In caGrid, both the client and service APIs are object oriented, and operate over well-defined and curated data types. Clients and services communicate through the grid using respectively grid clients and grid service infrastructure. The grid communication protocol is XML, and thus the client and service APIs must transform the transferred objects to and from XML. This XML serialization of caGrid objects is restricted in that each object that travels on the grid must do so as XML which adheres to an XML schema registered in the Global Model Exchange (GME). As the caDSR and EVS define the properties, relationships, and semantics of caBIG™ data types, the GME defines the syntax of their XML materialization. Furthermore, caGrid services are defined by the Web Service Description Language (WSDL). The WSDL describes the various operations the service provides to the grid. The inputs and outputs of the operations, among other things, in WSDL are defined by XML schemas (XSDs). As caBIG™ requires that the inputs and outputs of service operations use only registered objects, these input and output data types are defined by the XSDs which are registered in GME. In this way, the XSDs are used both to describe the contract of the service and to validate the XML serialization of the objects which it uses. Figure 1 details the various services and artifacts related to the description of and process for the transfer of data objects between client and service.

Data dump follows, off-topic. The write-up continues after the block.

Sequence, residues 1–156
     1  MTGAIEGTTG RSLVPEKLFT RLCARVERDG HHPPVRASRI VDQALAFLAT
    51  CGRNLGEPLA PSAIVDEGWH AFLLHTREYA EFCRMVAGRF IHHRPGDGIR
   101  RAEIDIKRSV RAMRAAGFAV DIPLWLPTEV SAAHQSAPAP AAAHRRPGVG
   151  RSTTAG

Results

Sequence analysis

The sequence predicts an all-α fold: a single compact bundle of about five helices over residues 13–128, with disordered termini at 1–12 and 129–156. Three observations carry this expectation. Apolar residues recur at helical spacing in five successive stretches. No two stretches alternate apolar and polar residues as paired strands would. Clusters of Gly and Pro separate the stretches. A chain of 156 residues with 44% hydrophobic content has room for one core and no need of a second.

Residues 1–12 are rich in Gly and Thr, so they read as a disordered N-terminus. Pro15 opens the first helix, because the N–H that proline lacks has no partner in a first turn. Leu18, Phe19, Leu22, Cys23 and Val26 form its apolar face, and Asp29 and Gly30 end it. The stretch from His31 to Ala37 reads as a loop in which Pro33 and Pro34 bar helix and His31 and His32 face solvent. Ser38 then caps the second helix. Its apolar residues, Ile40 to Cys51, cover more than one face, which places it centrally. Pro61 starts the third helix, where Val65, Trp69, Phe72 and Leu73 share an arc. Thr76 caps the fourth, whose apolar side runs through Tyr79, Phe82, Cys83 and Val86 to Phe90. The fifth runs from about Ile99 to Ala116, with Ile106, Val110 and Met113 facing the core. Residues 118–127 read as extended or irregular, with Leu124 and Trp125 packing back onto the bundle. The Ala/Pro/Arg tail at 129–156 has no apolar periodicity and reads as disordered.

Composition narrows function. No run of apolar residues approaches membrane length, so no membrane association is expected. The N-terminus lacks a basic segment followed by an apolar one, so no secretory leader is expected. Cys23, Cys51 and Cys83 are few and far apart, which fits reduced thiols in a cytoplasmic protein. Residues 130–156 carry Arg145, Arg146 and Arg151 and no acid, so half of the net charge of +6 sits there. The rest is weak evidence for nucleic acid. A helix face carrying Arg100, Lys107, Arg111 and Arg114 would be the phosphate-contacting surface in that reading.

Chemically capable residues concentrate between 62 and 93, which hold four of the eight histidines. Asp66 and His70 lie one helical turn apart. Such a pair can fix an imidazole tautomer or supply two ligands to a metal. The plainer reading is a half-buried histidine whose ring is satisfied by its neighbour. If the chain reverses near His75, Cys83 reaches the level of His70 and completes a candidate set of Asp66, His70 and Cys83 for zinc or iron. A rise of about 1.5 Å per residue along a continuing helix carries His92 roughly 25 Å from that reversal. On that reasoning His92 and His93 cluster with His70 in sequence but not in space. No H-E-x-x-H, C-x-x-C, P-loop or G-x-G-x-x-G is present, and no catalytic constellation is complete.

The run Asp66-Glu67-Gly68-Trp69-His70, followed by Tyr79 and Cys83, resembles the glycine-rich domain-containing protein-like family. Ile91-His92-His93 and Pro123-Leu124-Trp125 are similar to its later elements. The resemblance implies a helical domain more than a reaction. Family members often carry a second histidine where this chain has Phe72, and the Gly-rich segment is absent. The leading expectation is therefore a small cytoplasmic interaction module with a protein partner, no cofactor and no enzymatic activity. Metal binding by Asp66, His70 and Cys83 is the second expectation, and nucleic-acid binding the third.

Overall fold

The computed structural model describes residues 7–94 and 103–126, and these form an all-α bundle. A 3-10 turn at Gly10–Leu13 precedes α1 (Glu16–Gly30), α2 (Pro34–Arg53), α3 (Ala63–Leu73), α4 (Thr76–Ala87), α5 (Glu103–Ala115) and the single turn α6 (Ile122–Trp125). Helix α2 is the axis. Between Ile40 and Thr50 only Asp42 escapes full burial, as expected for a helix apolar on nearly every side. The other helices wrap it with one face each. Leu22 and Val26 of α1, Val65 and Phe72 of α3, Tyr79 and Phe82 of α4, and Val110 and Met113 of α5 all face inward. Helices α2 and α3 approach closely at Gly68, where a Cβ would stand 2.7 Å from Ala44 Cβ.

As caBIG™ aims to connect data and tools from 50+ disparate cancer centers and many other institutions, a critical requirement of its infrastructure is that it supports the ability of researchers to discover these resources. caGrid enables this ability by taking advantage of the rich structural and semantic descriptions of data models and services that are available. Each service is required to describe itself using caGrid standard service metadata. When a grid service is connected to the caBIG™ grid, it registers its availability and service metadata with a central indexing registry service (Index Service). This service can be thought of as the “yellow pages” and “white pages” of caBIG™. A researcher can then discover services of interest by looking them up in this registry. caGrid 1.0 provides a series of high-level APIs and user applications for performing this lookup which greatly facilitate the discovery process.